“I’VE BEEN UP SINCE FIVE,” he told me. My dad tells me he’s been up since five a lot, but in this case, the information was superfluous. I already knew he’d been up since five, as I’d been up since five too, having been woken up by the sound of him loudly clucking at next door’s chickens.
I looked at my cafetiere: in the bottom of it was a thick slick of coffee, suggesting my dad had done his usual routine of grinding five times the amount of beans that I normally do. In the Asterix comic books, Asterix’s friend Obelix has no need for the magic potion Asterix’s tribe drink, owing to having fallen into a cauldron of it as a baby. My theory is that a similar thing happened to my dad with an unusually large pot of coffee, meaning he now operates permanently on the level that most people would operate on after six or seven cups of the stuff.
It’s in the morning when this is most exhausting to deal with. “CAN YOU SWITCH ROLLING NEWS ON FOR ME?” he asked, as I shuffled into the kitchen, looking for a quiet place to get my head together for a taxing forthcoming day of tree-chopping, weeding and 1950s working-class storytelling. “HAVE YOU SEEN THE TROWEL ANYWHERE? WHY IS THAT LAMP THERE LIKE THAT? DID YOU KNOW I’M THE SAME AGE AS MARTIN AMIS? WHEN HE WAS LITTLE HE USED TO SEE HIS DAD SHARING PROFOUND THOUGHTS WITH PHILIP LARKIN. WHEN I WAS LITTLE I USED TO SEE MY UNCLE KEN SHARING SOME CHEESE WITH HIS ALSATIAN, BRUCE.” This would have all been discombobulating enough, but seeing a small toad hopping across the kitchen floor in the direction of my cats’ biscuit dispenser made it more so. “BLOOMIN’ ‘ECK,” said my dad, as my mum, my girlfriend and I watched the toad, dumbstruck. “IT MUST HAVE BEEN LONELY AND WANTED TO COME WITH US. IS IT OKAY IF I GARDEN IN MY PANTS?”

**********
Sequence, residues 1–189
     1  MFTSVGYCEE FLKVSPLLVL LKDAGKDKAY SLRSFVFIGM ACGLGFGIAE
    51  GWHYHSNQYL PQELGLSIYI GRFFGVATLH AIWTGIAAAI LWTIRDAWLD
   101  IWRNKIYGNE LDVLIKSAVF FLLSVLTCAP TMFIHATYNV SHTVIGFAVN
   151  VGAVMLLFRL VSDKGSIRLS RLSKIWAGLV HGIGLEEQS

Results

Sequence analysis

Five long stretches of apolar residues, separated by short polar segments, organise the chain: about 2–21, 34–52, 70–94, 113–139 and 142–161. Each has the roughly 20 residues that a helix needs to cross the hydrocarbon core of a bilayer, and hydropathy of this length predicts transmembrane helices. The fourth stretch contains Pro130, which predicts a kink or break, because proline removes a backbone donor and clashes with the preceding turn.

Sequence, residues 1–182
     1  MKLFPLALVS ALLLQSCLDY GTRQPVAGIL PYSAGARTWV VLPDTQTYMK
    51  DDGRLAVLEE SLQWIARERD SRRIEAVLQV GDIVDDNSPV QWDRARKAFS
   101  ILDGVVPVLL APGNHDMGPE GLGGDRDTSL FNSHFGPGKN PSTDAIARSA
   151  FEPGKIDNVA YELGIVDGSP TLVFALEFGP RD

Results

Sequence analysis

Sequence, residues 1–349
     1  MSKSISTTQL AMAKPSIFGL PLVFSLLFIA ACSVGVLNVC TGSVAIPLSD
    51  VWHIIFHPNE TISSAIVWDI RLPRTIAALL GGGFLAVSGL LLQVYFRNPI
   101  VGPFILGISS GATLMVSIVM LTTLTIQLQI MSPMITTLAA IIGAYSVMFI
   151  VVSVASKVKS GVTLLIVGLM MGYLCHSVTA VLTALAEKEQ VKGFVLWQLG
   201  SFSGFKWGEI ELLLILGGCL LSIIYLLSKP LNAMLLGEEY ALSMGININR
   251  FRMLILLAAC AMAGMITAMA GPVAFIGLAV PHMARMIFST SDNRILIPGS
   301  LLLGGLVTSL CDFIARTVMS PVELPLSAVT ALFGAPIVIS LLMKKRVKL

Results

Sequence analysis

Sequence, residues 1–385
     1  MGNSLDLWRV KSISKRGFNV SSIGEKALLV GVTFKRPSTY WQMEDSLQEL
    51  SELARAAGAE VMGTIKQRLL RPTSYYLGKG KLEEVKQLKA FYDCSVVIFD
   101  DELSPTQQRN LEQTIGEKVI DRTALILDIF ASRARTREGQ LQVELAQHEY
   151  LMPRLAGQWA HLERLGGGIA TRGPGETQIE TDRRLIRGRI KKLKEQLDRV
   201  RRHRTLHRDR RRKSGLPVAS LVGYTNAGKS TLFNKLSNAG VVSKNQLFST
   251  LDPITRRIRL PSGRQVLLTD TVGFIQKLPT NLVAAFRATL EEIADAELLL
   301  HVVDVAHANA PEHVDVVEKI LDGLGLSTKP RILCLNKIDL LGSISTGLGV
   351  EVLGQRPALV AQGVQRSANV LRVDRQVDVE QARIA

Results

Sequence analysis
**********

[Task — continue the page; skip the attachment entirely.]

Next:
Later, after my mum and I had caught the toad and placed it in a damp corner just outside my conservatory, my mum would tell us that she was convinced that she’d checked the shoes thoroughly before leaving. Clearly, though, somewhere between then and the loading of the car, the toad had snuck back into the furthest recesses its favourite loafer, then, after its long journey, got a little peckish, and decided to check out its new environment.
We placed the shoes outside with it, but it didn’t return to them before my parents left. Four days on, I still find myself worrying about it fending for itself, 116 miles from home. What if it misses the spaniel, the koi and the three evil sister frogs who live under the rock by my parents’ pond?
Last night, I went outside and placed an old pair of my own loafers not far from the spot where I left it. My reasoning was that perhaps it was a rite of passage: at some point a man must let the toad who lived in his dad’s shoes live in his. They’re a little roomier than my dad’s, but in the eight years since I bought them, they’ve served me in a manner that’s belied their £18 price tag in the Next sale.
I don’t hold out much hope, but there are worse places for a stranded amphibian to set up home.
Read more stories about Tom's dad in his latest book, Talk To The Tail (Simon And Schuster, £8.99) or at a discount from the Saga Bookshop.
Read about Tom Cox's childhood holidays with his Loud Dad in the August issue of Saga Magazine.